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Take Heart

Take Heart


Your side lost the election. The weather is getting cold. The wind is high. The flowers are gone and winter is heading your way with a vengeance. To those New Englanders hunkering down, we offer some comfort by NH poet Edna Dean Proctor. It’s always darkest before the dawn, and there’s always Heaven.



Edna Dean Proctor’s Seacoast Poem

After seeing my poem about a prehistoric Indian couple, reader Jack Murphy of Eliot, Maine sent along a piece by Edna Dean Proctor (1829-1923). She is the semi-famous poet of Henniker, New Hampshire who wrote a number of pieces on Native Americans. Jack said in a note that he was introduced to Proctor’s work by historian Joe Frost over at the old Book Guild in Portsmouth. She is best known as a super-patriot for the North during the Civil War. Her best remembered verse is an 1861 rewrite of the classic "John Brown’s body lies a mouldering in the grave…" sung to the same tune as "The Battle Hymn of the Republic".

Edna Dean ProctorI Googled Edna and found surprisingly little. Many of the best known female poets of the 19th century have gained ground on the Web, but not poor Ms. Proctor, one of the earliest graduates of Mount Holyoke College for women. Although she once had enough clout to review books by Bret Harte and Nathaniel Hawthorne in Atlantic Monthly, her verse has not made a comeback.

I found a half dozen of Proctor’s poems online, including the inspirational little "Take Heart" . I’ve included that piece below because it is about the seacoast in early fall. Her collected works includes 21 poems about New Hampshire, mostly focused on her beloved North Country. The list includes a piece called "The Portsmouth Sailor". I actually went all the way to the library to transcribe this one – but Edna was not on the shelf there nor at the Athenaeum.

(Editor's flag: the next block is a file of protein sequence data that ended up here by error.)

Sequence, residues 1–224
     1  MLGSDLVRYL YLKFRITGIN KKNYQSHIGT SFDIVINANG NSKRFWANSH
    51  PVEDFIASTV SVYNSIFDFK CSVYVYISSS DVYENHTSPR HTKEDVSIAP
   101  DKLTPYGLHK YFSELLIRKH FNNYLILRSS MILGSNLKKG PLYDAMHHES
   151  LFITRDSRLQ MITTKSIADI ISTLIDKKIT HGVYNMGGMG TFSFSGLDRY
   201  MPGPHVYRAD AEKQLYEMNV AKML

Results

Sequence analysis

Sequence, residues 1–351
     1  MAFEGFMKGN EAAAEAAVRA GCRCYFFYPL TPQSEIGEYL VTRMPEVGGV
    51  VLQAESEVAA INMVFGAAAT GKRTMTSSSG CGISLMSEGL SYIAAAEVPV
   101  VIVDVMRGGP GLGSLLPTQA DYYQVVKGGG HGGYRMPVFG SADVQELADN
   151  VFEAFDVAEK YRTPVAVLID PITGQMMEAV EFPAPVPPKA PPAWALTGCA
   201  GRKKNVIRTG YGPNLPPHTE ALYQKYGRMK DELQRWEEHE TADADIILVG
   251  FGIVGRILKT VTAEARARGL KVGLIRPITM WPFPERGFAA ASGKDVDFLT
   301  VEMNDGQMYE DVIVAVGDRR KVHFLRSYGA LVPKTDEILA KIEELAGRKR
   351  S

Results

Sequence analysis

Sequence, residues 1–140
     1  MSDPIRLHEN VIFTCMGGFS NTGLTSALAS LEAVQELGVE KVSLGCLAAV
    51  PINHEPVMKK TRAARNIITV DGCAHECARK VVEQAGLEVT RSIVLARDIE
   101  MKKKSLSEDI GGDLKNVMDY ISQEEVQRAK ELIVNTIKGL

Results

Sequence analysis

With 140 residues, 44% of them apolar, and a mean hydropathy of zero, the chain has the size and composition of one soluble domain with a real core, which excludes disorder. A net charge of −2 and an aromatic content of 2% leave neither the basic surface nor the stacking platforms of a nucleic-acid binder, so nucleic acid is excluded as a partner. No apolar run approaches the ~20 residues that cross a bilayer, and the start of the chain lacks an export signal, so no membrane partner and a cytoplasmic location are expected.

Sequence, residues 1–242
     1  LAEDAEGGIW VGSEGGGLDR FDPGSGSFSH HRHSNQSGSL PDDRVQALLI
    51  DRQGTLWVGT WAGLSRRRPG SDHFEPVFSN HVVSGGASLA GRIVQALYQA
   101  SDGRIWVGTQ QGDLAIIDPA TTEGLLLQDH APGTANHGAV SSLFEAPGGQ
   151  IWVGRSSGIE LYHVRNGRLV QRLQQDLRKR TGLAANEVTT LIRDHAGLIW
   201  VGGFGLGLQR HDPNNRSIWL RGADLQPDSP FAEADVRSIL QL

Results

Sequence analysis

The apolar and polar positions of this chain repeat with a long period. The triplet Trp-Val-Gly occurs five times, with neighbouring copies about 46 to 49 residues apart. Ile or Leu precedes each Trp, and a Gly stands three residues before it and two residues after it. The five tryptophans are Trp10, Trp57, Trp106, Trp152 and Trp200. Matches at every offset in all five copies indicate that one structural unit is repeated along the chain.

So I called Jack Murphy who apparently has the only copy of the complete works (Houghton Mifflin, 1925) of Edna Dean Proctor around town. That volume used to reside on the shelf of the Portsmouth Public Library, but apparently was only taken out twice – once in 1940, once in 1941. The library passed it on to Joe Frost, who passed it on to Jack. "A Portsmouth Sailor", it turns out, is a 120-line ballad. Jack read it to me over the phone. In the poem, a grandmother -- "who knew the lore of the fisher folk and every beach bird’s call" – tells the tale. She regales a group of children with the story of their seafaring uncle who was captured by pirates and sold into slavery in Algeria for three years. It is a good poem, but hopelessly out of fashion.

So, instead, here is Edna’s uplifting Seacoast poem. -- JDR

by: Edna Dean Proctor

ALL day the stormy wind has blown
From off the dark and rainy sea;
No bird has past the window flown,
The only song has been the moan
The wind made in the willow-tree.
This is the summer's burial-time:
She died when dropped the earliest leaves;
And, cold upon her rosy prime,
Fell direful autumn's frosty rime;
Yet I am not as one that grieves,--
For well I know o'er sunny seas
The bluebird waits for April skies;
And at the root of forest trees
The May-flowers sleep in fragrant ease,
The violets hide their azure eyes.
O thou, by winds of grief o'erblown,
Beside some golden summer's bier,--
Take heart! Thy birds are only flown,
Thy blossoms sleeping, tearful sown,
To greet thee in the immortal year!

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